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This Thanksgiving I find myself grateful for some things I wouldn’t have considered thank-worthy just a few years ago. But the more time I spend on our farm, the more I discover the silver lining in setbacks, disappointments and losses. 

If you’re like me, sometimes you have to learn the hard way. You learn from your mistakes. Even if I’m not learning from something I personally did wrong, I’m often educated through less than positive circumstances.

Two days ago I arrived at our farm to find all of the hydroponic tower plants limply hanging out of the tall white towers. I knew it had to be a power issue. It wasn’t long before I found the problem. 

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Join the Corsicana Artist & Writer Residency between noon and 4 p.m. Saturday, April 24 for the next Open Studio Studio Visits. Wander downtown to the 100 West building on the corner of Third Avenue and Beaton Street to engage with the residents’ new and in-progress works.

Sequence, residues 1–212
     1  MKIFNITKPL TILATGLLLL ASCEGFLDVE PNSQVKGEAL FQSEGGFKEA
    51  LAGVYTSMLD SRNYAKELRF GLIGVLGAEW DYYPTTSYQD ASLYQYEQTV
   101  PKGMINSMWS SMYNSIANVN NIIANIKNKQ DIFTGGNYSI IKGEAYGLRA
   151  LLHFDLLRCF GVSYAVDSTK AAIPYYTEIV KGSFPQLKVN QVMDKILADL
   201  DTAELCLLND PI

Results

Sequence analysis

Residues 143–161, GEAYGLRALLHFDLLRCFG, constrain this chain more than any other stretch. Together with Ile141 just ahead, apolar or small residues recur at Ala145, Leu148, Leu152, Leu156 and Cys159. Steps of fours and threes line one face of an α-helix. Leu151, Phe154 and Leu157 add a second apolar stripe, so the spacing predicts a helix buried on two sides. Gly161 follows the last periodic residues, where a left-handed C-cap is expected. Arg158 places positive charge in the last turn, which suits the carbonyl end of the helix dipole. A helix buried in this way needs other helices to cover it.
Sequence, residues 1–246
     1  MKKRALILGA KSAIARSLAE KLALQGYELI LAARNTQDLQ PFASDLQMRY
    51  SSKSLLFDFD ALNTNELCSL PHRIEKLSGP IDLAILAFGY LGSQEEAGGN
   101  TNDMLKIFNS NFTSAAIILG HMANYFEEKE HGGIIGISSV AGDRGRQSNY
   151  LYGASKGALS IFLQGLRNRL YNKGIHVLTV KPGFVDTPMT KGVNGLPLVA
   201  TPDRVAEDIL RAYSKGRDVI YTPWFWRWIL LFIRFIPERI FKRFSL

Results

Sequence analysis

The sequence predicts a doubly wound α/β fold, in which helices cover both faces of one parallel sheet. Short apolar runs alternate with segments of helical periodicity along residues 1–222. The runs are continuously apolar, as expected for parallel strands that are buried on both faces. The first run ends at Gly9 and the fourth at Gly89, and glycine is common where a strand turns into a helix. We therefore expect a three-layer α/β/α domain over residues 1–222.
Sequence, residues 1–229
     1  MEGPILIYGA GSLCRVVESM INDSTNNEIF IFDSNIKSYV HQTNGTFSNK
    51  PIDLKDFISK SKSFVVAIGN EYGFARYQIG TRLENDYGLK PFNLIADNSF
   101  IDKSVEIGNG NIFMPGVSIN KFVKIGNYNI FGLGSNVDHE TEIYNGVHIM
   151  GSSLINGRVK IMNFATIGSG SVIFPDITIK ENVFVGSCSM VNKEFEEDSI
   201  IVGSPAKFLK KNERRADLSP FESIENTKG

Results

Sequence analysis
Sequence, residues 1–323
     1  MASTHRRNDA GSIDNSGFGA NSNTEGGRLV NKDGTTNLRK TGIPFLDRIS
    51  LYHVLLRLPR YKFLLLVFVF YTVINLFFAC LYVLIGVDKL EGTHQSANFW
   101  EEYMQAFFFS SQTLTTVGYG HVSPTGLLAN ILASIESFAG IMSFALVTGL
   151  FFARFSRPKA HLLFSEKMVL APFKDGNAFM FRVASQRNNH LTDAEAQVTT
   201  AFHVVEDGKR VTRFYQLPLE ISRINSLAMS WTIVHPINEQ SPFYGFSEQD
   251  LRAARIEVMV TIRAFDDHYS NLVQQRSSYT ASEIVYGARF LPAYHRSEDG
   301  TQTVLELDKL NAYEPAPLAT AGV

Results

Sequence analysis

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Navarro Regional Hospital had a disruption in water supply, much like most of the city experienced this morning. Currently, water is coming back online, and in the meantime a 3,000 gallon water tanker truck is onsite if needed. The hospital has emergency generators in the case of loss of power, however it has not lost electrical power at this point.


Trinidad, with a history of electricity producing power plants dating back nearly a century, is losing one in 2021. Luminant has informed the Electric Reliability Council of Texas of plans to retire its 235-MW natural gas-fired Trinidad Power Plant April 29, 2021. The major electric power producer made the announcement on Nov. 30.

Last week, while harvesting tomatoes from one of our hydroponic towers, I had an epiphany. As I climbed a stepladder and crouched down under a jungle of tomato plants to find the ripe fruit, it struck me how much the act of growing and harvesting mirrors life.